As soon as the NDP picks a new leader today, the party’s focus should turn to Edmonton-Whitemud – here’s why

Posted on October 18, 2014, 1:13 am
8 mins

Your blogger with Edmonton-Whitemud NDP candidate Dr. Bob Turner. Yeah, I support the NDP. Live with it! Below: Retiring NDP Leader Brian Mason, Health Minister Stephen Mandel, Alberta Liberal candidate Donna Wilson and NDP leadership frontrunner Rachel Notley.

After today, when the Alberta New Democratic Party has at long last chosen a leader to replace the retiring Brian Mason, she (or he) needs immediately to turn her (or his) attention to the Oct. 27 Edmonton-Whitemud by-election.

That’s because, if the buzz from some conservative-leaning campaigners is to be believed, there’s a sense on the doorsteps of the suburban Edmonton riding that if the opposition to unelected Health Minister Stephen Mandel is coalescing around anyone, it’s coalescing around the NDP’s candidate, Dr. Bob Turner.

Indeed, it’s even possible some Wildrose supporters could cast a strategic by-election ballot for Dr. Turner, an Edmonton oncologist and medical school professor who has exhibited unexpected passion about health care issues on the campaign trail. If they do, their theory would have to be it’s more important to see the Jim Prentice Tories beaten than to gather a few more votes for one of their party’s weaker candidates in this go-round, businessman Tim Grover.

I utter this hopeful thought aloud with a certain trepidation because I still think Mr. Mandel has the edge in that particular constituency, and because I know I will be roundly assailed by the Alberta Liberal Party’s increasingly cranky supporters, who are bound to point out, quite rightly, that I am known to be a card-carrying New Democrat.

Well, so be it, I talk to everyone, usually in a pretty friendly fashion, and I hear what I hear. I recognize it could be wrong.

Still, this is not a completely implausible scenario. First, Dr. Turner, as noted, has turned out to be a surprisingly effective campaigner – ready to loose newsworthily fiery darts at both the pre-Prentice Progressive Conservatives’ horrible health care record and the Mr. Mandel’s already apparent deficiencies as unelected health minister.

Mr. Mandel was also Edmonton mayor recently enough to have some constituents remember his role in civic decisions they didn’t like.

Second, at least one poll – the ThinkHQ survey last cited here on Thursday – shows the NDP, PCs and Wildrose all within 1 per cent of one another in the Edmonton region (at 25, 26 and 27 per cent respectively) with the Liberals trailing distantly at 16 per cent.

Well, Edmonton-Whitemud is certainly in Edmonton although not a part that has normally been friendly to anyone but Tories – but these are not normal times.

The other opinion poll cited by celebrity poll analyst Eric Grenier was done by Lethbridge College and shows the PCs with a more comfortable lead – 32.7 per cent to the NDP’s 23.5 and 22.4 for the Wildrose, with the Liberals again trailing far behind at 10.2.

Under such circumstances, it is not completely improbable to imagine the progressive vote at least gathering around a credible NDP candidate.

Perhaps as a sign of their desperation, the Alberta Liberals have published a preposterous press release claiming to show evidence candidate Donna Wilson, an RN and PhD nursing professor, is running ahead of all the other parties’ candidates in the riding.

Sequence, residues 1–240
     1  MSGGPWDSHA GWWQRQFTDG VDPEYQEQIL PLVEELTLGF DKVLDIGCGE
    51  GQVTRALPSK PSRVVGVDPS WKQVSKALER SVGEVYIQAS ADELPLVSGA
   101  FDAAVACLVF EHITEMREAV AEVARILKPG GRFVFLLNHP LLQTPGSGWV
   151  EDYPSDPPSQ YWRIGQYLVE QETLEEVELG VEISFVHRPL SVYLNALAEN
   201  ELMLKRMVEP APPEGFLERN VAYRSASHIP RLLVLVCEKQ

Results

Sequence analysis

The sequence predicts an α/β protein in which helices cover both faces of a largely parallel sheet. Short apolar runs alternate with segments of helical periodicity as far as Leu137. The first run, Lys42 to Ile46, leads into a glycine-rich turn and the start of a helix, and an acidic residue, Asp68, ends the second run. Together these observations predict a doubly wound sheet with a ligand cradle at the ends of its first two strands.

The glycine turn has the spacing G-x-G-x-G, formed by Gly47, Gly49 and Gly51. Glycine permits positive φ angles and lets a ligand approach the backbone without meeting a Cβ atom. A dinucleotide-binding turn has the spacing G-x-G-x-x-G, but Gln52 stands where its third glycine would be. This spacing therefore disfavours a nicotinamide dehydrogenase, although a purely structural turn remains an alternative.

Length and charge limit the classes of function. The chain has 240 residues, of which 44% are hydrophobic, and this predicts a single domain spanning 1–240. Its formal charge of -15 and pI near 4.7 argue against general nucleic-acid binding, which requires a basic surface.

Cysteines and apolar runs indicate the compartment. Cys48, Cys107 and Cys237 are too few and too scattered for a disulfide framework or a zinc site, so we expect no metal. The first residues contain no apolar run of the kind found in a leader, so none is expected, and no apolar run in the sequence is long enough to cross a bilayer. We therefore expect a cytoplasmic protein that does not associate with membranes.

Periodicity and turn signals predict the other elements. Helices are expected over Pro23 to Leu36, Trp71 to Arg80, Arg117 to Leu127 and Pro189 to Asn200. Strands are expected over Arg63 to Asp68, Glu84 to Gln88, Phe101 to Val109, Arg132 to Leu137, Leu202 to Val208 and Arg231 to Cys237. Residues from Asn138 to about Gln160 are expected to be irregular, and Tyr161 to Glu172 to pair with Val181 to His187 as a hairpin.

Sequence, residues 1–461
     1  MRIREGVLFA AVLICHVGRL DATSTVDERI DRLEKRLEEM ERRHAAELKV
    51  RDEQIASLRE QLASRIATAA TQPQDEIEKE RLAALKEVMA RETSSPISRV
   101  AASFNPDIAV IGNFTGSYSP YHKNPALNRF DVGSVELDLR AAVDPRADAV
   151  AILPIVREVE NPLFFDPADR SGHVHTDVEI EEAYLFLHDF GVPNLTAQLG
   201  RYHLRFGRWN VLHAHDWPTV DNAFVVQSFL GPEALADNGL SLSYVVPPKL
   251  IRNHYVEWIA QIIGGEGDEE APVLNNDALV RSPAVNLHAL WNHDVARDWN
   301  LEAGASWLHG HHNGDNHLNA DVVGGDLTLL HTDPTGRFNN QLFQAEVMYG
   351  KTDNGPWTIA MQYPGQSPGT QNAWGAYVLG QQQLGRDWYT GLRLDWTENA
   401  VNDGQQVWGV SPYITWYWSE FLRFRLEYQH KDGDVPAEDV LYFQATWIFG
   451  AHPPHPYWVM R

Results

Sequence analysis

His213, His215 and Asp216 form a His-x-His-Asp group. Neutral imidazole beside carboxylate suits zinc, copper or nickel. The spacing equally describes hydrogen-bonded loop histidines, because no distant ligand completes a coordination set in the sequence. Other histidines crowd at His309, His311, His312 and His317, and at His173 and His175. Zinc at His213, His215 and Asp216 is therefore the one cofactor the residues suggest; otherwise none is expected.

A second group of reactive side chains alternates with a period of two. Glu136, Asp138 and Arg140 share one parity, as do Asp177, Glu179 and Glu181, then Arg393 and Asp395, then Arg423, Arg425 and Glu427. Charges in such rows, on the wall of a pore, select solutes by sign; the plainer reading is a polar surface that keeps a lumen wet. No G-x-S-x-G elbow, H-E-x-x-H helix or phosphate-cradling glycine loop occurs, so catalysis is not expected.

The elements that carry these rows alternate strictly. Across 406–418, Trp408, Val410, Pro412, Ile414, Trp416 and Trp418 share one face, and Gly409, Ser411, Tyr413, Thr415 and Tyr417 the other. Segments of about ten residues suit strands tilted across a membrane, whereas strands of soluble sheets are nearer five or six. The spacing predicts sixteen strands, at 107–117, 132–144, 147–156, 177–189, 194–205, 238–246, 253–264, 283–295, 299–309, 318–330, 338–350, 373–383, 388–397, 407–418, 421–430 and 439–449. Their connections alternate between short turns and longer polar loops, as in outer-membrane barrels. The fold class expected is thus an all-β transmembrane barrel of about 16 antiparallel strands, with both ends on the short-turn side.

Alas, for Dr. Wilson, who is a fine person and like Dr. Turner would make a terrific MLA, not only was this statistic the result of a push poll, but we can prove it because the Liberals published the wording of their doorstep question: “Will you vote for Liberal Candidate Dr. Donna Wilson, another candidate, or are you unsure or undecided?”

Faced with no named alternatives and a pleasant Liberal campaigner at their front door, most Canadians – who are unfailingly polite if they’re anything – will take the hint and provide the answer that’s desired. Doesn’t mean they’ll vote that way, though.

This silly poll identified about a third of decided voters in the riding as Liberal supporters, fewer than 20 per cent backing all other candidates, and close to fifty per cent undecided. Taken together, this is merely fantasy. The predictive value of this naïve enterprise is essentially zero.

As an aside, if you’re going to have fun with polls, you need to imitate those successful political campaigns that come out with a plausible sounding opinion survey not long before election day that puts your candidate unexpectedly within striking distance of victory – like Naheed Nenshi in the Calgary mayoral race in 2010, Alison Redford in the PC leadership race in 2011 and now Alberta Party Leader Greg Clark in the Calgary-Elbow by-election, in Ms. Redford’s old riding.

What did all three candidates have in common? The assistance, as author Dave Cournoyer pointed out, of strategist Stephen Carter.

Calgary-Elbow and Edmonton-Whitemud are only two of the by-elections taking place during the Oct. 27 mini-election, as the four races are inevitably being seen. The other two are in Calgary Foothills, where Premier Prentice himself is seeking a seat, and Calgary-West. All four seats are traditionally safe for the Conservatives.

Getting back to the Capital Region where we started and the NDP is showing some strength, tomorrow isn’t too soon for the new NDP leader to rally the party’s troops around Dr. Turner and send them out to the doorsteps of Edmonton-Whitemud.